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What we have learnt

It seems a while since I restarted workshops from my riverside studio in mid-Wales. It’s been absolutely great to welcome people back again for a full day of stress free and stress busting fun. Naturally I have continued with restrictions – especially social distancing with most classes held for just 2 people instead of 4.

In addition to making a basic wet felted sampler, many people have gone on to make a vessel during the afternoon session using a ‘resist’ made from a flat piece of (recycled) laminate underlay. It’s difficult sometimes to understand how you can make a 3-D item using a 2-D resist but it becomes perfectly clear during the workshop – you should give it a try!

I also hold classes at external venues - during the summer I gave a workshop for Tir Coed in the beautiful Elan Valley. The charity held a number of workshops during the school holidays to encourage children to mix, and get out – all with a Harry Potter theme. My brief was to teach everyone how to make a wizard’s hat……. not something I normally make but undaunted I calculated how long it would take for ‘beginners’ (of varying ages) to learn the basics and finish a hat to wear home at 4 o’ clock.

Armed with brightly coloured merino fibre, lots of embellishments and a quantity of pre-cut ‘cone’ shaped resists I arrived at the Tir Coed building to set up. What an outstanding location for my ‘office’ for the day – on the edge of the Elan river with the mountains rising above the bank opposite. Sheep slept against my car wheels while red kites soared above. Had it not been for some slight drizzle and mosquitoes it would have been perfect!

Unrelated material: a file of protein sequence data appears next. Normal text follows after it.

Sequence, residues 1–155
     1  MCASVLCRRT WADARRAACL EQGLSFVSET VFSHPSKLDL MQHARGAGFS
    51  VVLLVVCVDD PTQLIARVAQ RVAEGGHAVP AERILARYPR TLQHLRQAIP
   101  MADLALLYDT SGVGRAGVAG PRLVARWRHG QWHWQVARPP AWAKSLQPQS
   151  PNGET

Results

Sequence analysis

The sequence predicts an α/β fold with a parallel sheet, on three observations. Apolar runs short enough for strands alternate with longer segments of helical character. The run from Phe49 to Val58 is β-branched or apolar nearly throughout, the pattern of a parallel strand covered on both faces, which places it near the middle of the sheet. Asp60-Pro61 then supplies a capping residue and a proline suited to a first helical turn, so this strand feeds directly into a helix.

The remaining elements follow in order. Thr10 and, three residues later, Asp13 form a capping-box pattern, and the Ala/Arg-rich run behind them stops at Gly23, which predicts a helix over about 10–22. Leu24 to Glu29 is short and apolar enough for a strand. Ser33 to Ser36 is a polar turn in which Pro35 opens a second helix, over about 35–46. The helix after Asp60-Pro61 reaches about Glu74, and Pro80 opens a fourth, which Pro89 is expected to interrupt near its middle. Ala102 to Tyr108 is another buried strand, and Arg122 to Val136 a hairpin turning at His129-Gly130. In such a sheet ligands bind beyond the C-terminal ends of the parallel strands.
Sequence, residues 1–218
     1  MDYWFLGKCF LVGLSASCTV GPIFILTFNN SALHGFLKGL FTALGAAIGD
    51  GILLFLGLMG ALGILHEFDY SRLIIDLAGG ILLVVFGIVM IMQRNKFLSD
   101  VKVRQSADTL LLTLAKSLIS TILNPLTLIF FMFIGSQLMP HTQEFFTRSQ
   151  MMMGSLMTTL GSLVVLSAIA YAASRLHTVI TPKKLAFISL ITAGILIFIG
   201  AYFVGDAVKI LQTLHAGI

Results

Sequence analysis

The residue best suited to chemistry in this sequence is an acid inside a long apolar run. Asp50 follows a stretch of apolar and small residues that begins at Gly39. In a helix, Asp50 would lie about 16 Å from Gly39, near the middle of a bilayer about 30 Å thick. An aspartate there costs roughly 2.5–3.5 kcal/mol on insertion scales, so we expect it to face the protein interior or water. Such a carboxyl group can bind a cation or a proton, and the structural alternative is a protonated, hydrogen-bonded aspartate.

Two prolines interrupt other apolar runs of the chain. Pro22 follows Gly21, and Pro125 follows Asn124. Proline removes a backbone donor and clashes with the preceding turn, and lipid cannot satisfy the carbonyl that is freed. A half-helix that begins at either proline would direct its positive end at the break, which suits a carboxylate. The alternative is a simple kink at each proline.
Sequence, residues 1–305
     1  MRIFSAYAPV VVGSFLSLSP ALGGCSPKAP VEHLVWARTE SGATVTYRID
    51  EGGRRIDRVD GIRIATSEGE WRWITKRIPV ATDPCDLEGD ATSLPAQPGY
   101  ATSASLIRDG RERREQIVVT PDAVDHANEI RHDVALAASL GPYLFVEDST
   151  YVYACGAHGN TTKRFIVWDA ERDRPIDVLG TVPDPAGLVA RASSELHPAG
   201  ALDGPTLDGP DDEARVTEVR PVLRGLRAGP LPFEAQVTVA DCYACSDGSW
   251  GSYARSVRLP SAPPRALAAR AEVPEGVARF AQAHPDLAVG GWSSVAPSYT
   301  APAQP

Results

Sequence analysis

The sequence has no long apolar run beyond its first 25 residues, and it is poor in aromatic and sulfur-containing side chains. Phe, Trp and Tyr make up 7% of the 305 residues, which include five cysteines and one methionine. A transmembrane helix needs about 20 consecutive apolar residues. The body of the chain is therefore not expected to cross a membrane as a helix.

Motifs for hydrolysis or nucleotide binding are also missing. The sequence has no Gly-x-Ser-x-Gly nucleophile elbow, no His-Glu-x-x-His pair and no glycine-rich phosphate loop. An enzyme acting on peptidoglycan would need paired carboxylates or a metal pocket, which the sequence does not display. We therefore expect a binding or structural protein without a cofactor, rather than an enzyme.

My ‘students’ ranged in ages from 6 to 66 and without fail, they each made a small sampler to get the ‘hang’ of wet felt making before tackling the more challenging task. I must admit that by 2 o’clock - when laying out was still in progress – I thought that a 4 o’clock finish was looking somewhat optimistic. However, with some felting magic and possibly some help from Harry Potter our goal was achieved and at 4 o’clock on the dot we posed for a group photo wearing our hats.

Two delightful young girls (ages just 5 and 7) came along for a short wet-felting session and loved making pictures. Children enjoy getting stuck in – feeling the wool, squirting soapy water whilst wetting out, massaging the pictures before ‘thumping’ them, and reveling in the magic once they see a pile of fibres transformed (by magic – naturally) into works of art.

Perhaps you’d like to have a go? Or perhaps you’d like to arrange a children’s party with felting fun as a theme? How about a hen ‘do’ with a difference? The possibilities are endless – please contact me and together we can make the magic work.

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